• At the same time, it's possible that you might be sending chunks for more than one image at a time. So, you need to be sending a unique ID along with the above notification that you are about to send chunks, so that the client can ready itself for a new set of chunks for a new image
    • Start sending the chunks, along with the ID, so that the client can identify the chunks as part of a single image (in the case that you are sending chunks for more than one image at the same time).
    • You will also need to sequence the chunks yourself. I'm not 100% sure but I don't think the fragemented channel orders the messages correctly. Latency can cause messages to arrive un-ordered. So as well as an ID, you will need to provide another number which signifies the order that the chunk has been sent
    • Finally, you need to be able to notify the client after the final chunk has been sent that there are no more chunks to send. You will send the ID being used above to identify which image this is in relation to
    • At this point, take all of the byte[] arrays that came in from the chunks above, merge them into a single byte[] in the order that they should be merged (based on the sequence number sent above), and then finally call Texture2D.LoadImage from the merged array
    As I said, it's going to be a tricky challenge to solve, but the above should cover all of the problems you could come to.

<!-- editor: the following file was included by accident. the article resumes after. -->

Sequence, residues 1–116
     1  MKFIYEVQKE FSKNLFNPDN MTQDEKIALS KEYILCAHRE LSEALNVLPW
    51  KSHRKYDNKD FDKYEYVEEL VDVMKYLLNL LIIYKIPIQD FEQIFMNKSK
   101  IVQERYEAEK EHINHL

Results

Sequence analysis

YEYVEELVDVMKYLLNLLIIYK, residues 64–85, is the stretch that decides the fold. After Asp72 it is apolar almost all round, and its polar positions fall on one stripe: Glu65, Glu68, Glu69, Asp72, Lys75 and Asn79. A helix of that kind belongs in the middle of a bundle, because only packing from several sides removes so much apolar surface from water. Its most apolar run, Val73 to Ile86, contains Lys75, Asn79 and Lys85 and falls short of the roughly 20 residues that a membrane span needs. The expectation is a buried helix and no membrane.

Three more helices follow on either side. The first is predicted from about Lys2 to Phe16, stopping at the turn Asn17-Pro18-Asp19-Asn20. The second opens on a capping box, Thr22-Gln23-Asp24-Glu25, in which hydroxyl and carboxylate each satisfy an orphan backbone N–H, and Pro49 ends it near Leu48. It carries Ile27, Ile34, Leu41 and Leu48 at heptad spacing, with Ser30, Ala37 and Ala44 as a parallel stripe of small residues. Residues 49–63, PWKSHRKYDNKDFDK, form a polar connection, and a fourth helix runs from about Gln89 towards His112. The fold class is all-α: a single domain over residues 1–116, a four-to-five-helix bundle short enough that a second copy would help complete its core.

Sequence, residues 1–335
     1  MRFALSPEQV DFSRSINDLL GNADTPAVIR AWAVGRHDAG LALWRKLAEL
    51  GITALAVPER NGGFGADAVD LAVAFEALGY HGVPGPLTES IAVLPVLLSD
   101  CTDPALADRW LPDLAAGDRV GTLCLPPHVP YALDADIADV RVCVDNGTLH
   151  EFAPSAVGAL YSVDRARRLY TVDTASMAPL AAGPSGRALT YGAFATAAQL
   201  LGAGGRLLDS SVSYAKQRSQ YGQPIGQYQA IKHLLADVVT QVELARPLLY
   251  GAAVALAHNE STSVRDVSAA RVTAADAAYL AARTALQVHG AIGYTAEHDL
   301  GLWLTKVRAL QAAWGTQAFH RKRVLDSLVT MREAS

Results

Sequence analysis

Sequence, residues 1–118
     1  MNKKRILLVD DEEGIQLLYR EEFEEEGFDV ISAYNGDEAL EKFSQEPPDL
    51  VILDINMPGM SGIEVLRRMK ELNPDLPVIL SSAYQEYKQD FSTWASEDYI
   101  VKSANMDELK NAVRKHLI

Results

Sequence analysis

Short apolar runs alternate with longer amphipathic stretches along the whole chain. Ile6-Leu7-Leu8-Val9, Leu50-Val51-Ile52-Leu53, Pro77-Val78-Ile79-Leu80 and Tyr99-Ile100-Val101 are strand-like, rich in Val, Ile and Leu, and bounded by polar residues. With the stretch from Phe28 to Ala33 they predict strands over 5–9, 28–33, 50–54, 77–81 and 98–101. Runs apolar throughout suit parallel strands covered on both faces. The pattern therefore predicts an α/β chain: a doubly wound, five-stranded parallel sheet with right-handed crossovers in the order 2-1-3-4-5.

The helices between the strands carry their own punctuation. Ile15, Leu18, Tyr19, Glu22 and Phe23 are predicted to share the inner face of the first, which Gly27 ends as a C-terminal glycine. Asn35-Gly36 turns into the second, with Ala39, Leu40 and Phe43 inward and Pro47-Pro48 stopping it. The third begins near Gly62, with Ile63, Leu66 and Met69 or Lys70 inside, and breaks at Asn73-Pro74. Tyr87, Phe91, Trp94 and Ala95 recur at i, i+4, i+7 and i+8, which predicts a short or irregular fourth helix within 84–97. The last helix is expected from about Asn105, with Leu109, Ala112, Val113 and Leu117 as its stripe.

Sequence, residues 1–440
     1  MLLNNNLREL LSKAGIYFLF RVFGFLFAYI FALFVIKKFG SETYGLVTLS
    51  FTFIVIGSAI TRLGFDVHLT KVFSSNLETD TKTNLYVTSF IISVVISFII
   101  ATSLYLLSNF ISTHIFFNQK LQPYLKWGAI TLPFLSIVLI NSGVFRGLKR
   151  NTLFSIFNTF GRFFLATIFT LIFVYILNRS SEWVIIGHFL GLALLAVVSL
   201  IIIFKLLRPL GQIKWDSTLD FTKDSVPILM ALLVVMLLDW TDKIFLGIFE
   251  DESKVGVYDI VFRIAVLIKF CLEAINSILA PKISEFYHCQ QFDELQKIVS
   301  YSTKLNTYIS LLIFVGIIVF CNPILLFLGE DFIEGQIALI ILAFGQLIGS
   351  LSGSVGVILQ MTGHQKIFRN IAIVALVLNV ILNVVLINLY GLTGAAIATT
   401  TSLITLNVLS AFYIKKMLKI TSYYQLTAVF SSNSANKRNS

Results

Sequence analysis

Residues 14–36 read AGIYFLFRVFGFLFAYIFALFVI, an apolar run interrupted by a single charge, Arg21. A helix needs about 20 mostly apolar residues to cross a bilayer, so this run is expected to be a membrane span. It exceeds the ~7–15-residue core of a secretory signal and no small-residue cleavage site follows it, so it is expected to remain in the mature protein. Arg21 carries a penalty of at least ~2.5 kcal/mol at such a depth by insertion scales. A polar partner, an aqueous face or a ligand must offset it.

Hopefully this helps, keep us posted if you get stuck!
  7. donnysobonny


    Jan 24, 2013
    Sorry, I missed this bit!

    I don't personally know a huge amount about the encode methods that you are using, so what I would recommend is to use the profiler and monitor the different encoding methods that you are using. It will show you the resource cost of them. It will also show you what else is causing the framerate drop.

    You shouldn't see the amount of data being sent over the network causing a drop in framerate (at least not a significant amount) but the profiler will be able to confirm this for you.
  8. Quentin-G


    Dec 20, 2012
    Hello all,

    First Thanks a lot donnysobonny for your help.
    After some trouble with Unity's Networking system (couldn't get rid of the lag, even for very small pictures), I ended up using good old C# sockets with TCPClient and TCPListener (then I don't have to worry about the order in which the frames arrive). I also ended up switching my client and server (the client is now the one sending the video stream).

    So if anyone needs to do the same, here is how I did it:
    On the client side I
    - encode each frame into a byte array using the EncodeToPNG function
    - compute the number of necessary chunks
    - send the total size of the byte array and the number
    - send each chunks progressively

    On the Server side I
    - read the total size of the byte array and allocate a buffer with the total size of my encoded image
    - read the number of chunks
    - read each chunk of the byte array and progressively write it in my buffer (automatically in the right order as we are using tcp protocol)
    - I load the texture from the buffer with the LoadImage function

    Hope it will help someone.
    Thanks again.
    Best regards.
    Nems and donnysobonny like this.
  9. Quentin-G


    Dec 20, 2012
    Quick additional comment,

    Using EncodeToPNG was not such brilliant idea. Turns out to be quite time consuming on large images. I ended up using the getRawTextureData and LoadRawTextureData functions. No encoding needed there ... hence no lag :).

    Thanks again.
  10. Shrikky23


    Jun 30, 2013